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Scrooge-like National Education Association shows no sign of remorse.
Once upon a time, school choice became a reality in our nation’s capital. The D.C. Opportunity Scholarship Program, which allowed some poor kids in D.C. to go to private schools with the help of a government stipend, was ushered in by a Republican controlled Congress in January 2004. Earlier this year, Jason Richwine at the Heritage Foundation wrote,
Congress put school vouchers to the test in 2004 when it authorized the D.C. Opportunity Scholarship Program (DCOSP), a federally funded voucher program serving low-income students in the nation’s capital. It has awarded $7,500 scholarships to more than 3,700 students over the past six years.”
Congress mandated a formal evaluation of the program, and researchers hired by the Department of Education have now released their latest report.
Among the report’s key findings:
•Parental satisfaction. School satisfaction was higher among parents of voucher students.
•School safety. Parents of voucher students were more likely to describe their children’s schools as safe and orderly.
•Graduation rates. Voucher-using students achieved a graduation rate of 91 percent, compared to 70 percent for non-voucher students.
•Test scores. On reading tests, voucher students scored slightly higher (by 0.13 standard deviations) compared to non-voucher students, but the difference is not statistically significant. DCOSP did not produce any gains in mathematics scores.
Not only do students benefit from the program, taxpayers save money. According to Kirk Johnson, also at Heritage,
What is often overlooked, however, is that choice programs are good fiscal policy, as well. Consider the example of Washington, D.C., again. The maximum opportunity scholarship-$7,500-is less than 60 percent of what Washington’s public schools spend on a student.
So, let’s see – a program that benefits students and saves the taxpayers money. Who on earth could possibly be against it? Not surprisingly, it’s School Choice Enemy #1 – the National Educational Association.
Shamelessly, in its current Education Insider, NEA brags that due to its members lobbying, it
stopped multiple efforts to fund voucher programs— in the District of Columbia ….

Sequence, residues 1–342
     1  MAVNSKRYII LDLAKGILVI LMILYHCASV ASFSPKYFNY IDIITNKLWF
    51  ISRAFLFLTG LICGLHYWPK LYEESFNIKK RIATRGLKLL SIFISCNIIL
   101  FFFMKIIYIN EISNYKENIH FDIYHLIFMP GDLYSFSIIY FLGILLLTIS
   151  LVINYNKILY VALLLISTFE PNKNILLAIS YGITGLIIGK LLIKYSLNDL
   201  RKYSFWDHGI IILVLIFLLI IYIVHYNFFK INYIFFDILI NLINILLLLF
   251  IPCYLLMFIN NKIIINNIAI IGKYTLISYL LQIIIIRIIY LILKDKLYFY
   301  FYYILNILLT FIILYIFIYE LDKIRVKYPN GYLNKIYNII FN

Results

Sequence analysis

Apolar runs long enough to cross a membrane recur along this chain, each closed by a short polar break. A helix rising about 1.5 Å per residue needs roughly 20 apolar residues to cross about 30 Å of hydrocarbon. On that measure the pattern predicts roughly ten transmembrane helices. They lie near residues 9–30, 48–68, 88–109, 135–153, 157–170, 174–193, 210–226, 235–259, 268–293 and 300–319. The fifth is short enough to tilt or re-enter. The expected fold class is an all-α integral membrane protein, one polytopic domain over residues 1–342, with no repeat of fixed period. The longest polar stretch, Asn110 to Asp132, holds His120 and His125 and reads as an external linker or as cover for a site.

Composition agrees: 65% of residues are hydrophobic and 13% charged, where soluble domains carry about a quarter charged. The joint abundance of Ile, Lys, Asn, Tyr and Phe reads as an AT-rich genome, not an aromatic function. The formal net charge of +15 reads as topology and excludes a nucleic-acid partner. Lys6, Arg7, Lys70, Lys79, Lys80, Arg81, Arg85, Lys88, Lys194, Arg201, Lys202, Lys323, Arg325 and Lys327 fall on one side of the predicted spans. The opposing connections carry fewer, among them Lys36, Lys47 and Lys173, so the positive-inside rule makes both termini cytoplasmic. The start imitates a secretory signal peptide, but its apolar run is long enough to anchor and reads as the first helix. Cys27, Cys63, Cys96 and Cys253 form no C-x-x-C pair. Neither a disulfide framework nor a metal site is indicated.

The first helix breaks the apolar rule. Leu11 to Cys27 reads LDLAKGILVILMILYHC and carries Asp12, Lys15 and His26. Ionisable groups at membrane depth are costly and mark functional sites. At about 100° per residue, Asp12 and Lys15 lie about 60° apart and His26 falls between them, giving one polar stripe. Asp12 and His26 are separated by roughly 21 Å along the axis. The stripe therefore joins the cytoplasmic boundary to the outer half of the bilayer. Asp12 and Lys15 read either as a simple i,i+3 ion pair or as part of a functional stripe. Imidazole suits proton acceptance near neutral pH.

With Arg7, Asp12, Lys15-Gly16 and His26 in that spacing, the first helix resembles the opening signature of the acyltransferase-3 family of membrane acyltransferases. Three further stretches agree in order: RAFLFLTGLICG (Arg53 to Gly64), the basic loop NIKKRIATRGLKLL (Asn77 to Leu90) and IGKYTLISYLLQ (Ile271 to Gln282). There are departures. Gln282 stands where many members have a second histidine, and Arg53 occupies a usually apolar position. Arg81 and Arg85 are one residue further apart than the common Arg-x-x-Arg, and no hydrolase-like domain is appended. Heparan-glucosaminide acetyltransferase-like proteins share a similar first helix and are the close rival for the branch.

While some NEA members probably did write and call their legislators, urging them to kill the program, the heavy artillery came from the union bosses themselves. In March of 2009, NEA President Dennis Van Roekel wrote a threatening letter to every Democratic member of Congress -
The National Education Association strongly opposes any extension of the District of Columbia private school voucher . . . program. We expect that Members of Congress who support public education, and whom we have supported, will stand firm against any proposal to extend the pilot program. Actions associated with these issues WILL be included in the NEA Legislative Report Card for the 111th Congress.
Vouchers are not real education reform. . . . Opposition to vouchers is a top priority for NEA.
Three months later, the Congress, then controlled by Democrats, dutifully voted to kill the program.
Interestingly, in the same Education Insider that bragged about killing DCOSP, NEA was very pleased that more government money had been invested in Pell Grants. A Pell Grant is nothing more than a federal scholarship awarded to college students, who may then use the grant to go to the college of their choice.
The difference between Pell and DCOSP, you ask? NEA is more threatened by vouchers on a K-12 level because that’s where the primary source of its funding is. (Public school teachers are forced to pay union dues in most states and D.C.) Any political action that favors school privatization, bringing with it more non-unionized teachers, sends the union into an activist frenzy. For an organization that claims to be for the children, this is especially cruel and hypocritical.
As Christmas approaches, one can only dream that NEA will have an Ebenezer Scrooge-like makeover. At the end of A Christmas Carol, Scrooge found religion, but the NEA never will. Not even the Ghost of Ed Reform Future could budge the cold, self-absorbed and mean-spirited teachers’ union.
Yet there is some hope. In January, a new Republican majority Congress convenes. The Republicans, typically not in the thrall of the powerful teachers’ union, are talking about reviving the popular DCOSP.
Wouldn’t it be a wonderful late Christmas gift for thousands of kids, currently stuck in lousy schools, to be given an opportunity to escape them and with it a chance for a brighter future?
January 23rd-29th is National School Choice Week, during which advocates will attempt to build support for school choice. If you would like to help the kids in D.C. and elsewhere, and at the same time let NEA know what you think of their priorities, I urge you to get involved.
About the author: Larry Sand is the president of the non-profit California Teachers Empowerment Network – a non-partisan,non-political group dedicated to providing teachers with reliable and balanced information about professional affiliations and positions on educational issues.
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